Unit 3 – Biology and Ecology
Activity 2 – Backyard/Schoolyard Survey
Download Teacher Pages PDFActivity (Teacher Verison) PDF Download
Download Student Pages PDFActivity PDF Download
Materials & Setup
Class Period One:
This can be assigned as homework or done at school. Students can collect specimens from their backyards or around the schoolyard.
For each student
• Student Page: “Collecting a Scientific Specimen” pp. 83-91
• Glue (Elmer’s or other brand)
• Stiff cardboard or flat wood pieces measuring 11 ½ x 16 ½ inches or larger (two per student)
• Clamps (two or more per student)
• Plant sample (collected by student)
• Field notebook (could be regular or waterproof type, such as Rite in the Rain)
• Pencil or waterproof pen
• Masking tape or paper tags
• Sealable plastic bag
• Gloves, pruning shears, trowel
• Camera (optional)
• Global positioning system (GPS) (optional)
• Acid-free paper measuring 11 ½ x 16 ½ inches or 8 ½
Class Period Three
• Voucher label (print and cut Copy Master: Voucher Labels p.81)
Class Period One
- Tell students they will be surveying their backyard or schoolyard for weedy species, collecting a plant specimen, and preparing a voucher.
- Instruct them to review the Student Page: “Collecting a Scientific Specimen,” before choosing their plant. Make sure they record the required data as they collect. Plants that are especially woody or succulent should be avoided for this exercise, as they will be difficult to press.
- Explain that properly collected plant vouchers are essential for taxonomic identification. They provide a permanent record of information that can be reviewed or assessed as botanists learn more. A good voucher consists of a dried, pressed section of a plant containing well-preserved vegetative and reproductive structures (flowers and/or fruits). Scientific determinations are only as good as the specimens on which they are based; poor quality specimens (lacking flowers or fruits or insufficiently documented) may result in incomplete or unreliable identifications.
Class Period Two
- If possible, identify the species collected using plant guides available online and from library. One excellent source is: Weeds of Hawai‘i’s Pastures and Natural Areas; An Identification and Management Guide by P. Motooka et al. ©2003, College of Tropical Agriculture and Human Resources, University of Hawai‘i at Manoa.Another source is the Maui Early Detection Guide. Download this guide at http://pbin.nbii.org/reportapest.
- If you suspect any of the plants collected are invasive species, follow the instructions in the guide, or call Maui Invasive Species Committee at (808) 573-MISC.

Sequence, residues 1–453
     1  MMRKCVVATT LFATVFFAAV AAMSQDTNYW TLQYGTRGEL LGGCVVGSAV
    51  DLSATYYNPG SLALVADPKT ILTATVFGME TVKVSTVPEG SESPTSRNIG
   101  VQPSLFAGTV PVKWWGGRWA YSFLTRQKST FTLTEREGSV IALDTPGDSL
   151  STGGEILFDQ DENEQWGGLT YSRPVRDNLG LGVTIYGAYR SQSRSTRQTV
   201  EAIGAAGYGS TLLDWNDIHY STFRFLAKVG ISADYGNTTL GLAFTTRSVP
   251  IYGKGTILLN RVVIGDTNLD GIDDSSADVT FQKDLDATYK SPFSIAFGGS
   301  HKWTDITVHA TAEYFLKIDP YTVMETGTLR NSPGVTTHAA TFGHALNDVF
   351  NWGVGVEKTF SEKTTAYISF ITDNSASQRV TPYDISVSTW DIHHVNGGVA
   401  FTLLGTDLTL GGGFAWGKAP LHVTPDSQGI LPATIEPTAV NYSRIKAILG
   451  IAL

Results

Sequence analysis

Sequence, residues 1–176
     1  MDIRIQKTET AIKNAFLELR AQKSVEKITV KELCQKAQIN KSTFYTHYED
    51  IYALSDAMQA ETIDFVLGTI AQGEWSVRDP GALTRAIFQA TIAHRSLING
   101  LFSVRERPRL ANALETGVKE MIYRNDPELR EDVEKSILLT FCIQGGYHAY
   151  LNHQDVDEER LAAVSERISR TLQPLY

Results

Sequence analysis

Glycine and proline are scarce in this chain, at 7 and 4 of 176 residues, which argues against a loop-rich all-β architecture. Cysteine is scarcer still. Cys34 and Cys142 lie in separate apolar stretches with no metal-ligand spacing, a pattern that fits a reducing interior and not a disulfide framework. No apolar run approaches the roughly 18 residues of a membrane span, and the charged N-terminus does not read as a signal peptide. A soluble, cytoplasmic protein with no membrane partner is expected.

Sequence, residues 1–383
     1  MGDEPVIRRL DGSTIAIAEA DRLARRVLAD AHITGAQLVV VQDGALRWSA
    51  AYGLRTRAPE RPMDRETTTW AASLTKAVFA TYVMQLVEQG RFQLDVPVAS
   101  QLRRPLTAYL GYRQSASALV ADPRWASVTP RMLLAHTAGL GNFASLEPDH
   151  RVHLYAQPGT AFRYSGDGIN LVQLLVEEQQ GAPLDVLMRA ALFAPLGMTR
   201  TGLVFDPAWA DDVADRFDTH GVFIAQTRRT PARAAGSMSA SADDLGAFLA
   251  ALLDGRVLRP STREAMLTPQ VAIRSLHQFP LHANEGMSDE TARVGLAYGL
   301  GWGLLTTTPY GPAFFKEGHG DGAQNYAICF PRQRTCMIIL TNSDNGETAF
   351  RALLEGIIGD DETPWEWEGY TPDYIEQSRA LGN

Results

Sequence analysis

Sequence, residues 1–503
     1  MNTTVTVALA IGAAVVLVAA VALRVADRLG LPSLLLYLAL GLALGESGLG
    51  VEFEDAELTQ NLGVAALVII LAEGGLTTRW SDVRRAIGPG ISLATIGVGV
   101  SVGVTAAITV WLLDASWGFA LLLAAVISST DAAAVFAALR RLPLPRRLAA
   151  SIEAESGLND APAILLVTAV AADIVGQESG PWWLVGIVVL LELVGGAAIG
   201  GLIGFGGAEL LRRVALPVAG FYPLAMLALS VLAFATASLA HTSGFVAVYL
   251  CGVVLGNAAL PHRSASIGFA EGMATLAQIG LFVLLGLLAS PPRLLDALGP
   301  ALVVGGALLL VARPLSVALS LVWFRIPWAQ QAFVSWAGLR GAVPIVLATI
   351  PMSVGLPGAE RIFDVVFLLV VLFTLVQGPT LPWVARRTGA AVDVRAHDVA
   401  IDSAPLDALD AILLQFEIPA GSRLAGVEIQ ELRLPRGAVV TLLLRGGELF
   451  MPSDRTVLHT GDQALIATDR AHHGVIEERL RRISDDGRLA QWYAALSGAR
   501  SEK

Main features to look for:
Leaves. What shape are they? Are the edges smooth or toothed? Look at the leaf veins: what kind of pattern are they in? If parallel, the veins run side by side (like grass). If pinnate, small veins branch out from the middle, resembling a feather. If palmate, the veins have several major veins with smaller ones branching from them (like a kukui leaf). If the plant has needles rather than leaves, are they long or short? Covered with scales? Find identical leaves in your field guide.
Flowers. Count whether the petals come in multiples of three, four or five. Note color, shape and arrangement of petals. Remember that “flowers” refer to the reproductive parts of the plant. Not all flowers are showy with colorful petals; grass flowers are simple tassels.
Fruit. What type of fruits does the plant produce? Describe the fruit: shape, color, size. Is it fleshy or dry? Does it have a large pit or multiple small seeds?
- Assist students in preparing and pressing their plant samples. See Student Page “Collecting a Scientific Specimen.”
Class Period Three
Allow a week or more for pressed specimens to dry prior to this class.
1. Once the specimens have dried, have students remove them from the press and mount them on acid-free paper with glue. Encourage them to handle the brittle plants with care. Photographs of the original plant may be included on the same page. (Be sure to label photos with voucher number.)
2. Have students affix a voucher label in the lower right hand corner of their sheet with the following information:
- Genus, species (if known; if not known write “Species unknown”)
- Location (description and GPS coordinates, if known)
- Habitat, topography, vegetation, soil type, altitude
- Frequency: rare, occasional, or common (is the plant rare or plentiful in the area?)
- Plant description: height of plant; scent; color, shape, and orientation of leaves, flowers,
- Date of collection
- Name of collector
- Name of identifier
- Voucher number (assign a unique number to each voucher to identify it according to collector and class)
3. Attach a small paper pouch to each sheet for extra flowers or fruits or any pieces of the specimen that become dislodged over time.
4. Create a voucher log, listing all of the students’ voucher numbers and descriptions of each.
- Have students create note cards with pressed flowers and plants.
- Team up with art teacher on botanical drawing exercises.
- Substitute marine plants or insects.
- How has plant identification changed with advances in genetics? Do you think field observations are as important as they were prior to this technology? Why or why not?
- If you suspect that your plant is invasive, would that change the way you collect it? What kinds of preventative measures could you employ to prevent spreading it to new areas?
- Why is collecting good data important? Imagine you are a botanist studying population changes in rare Hawaiian species. At Bishop Museum, you find a drawer full of plant vouchers. They are missing data concerning where they were collected or when. How might this affect your research? How might it affect conservation efforts for the species?
- Participation in schoolyard survey
- Completed voucher and voucher log
- Journal entries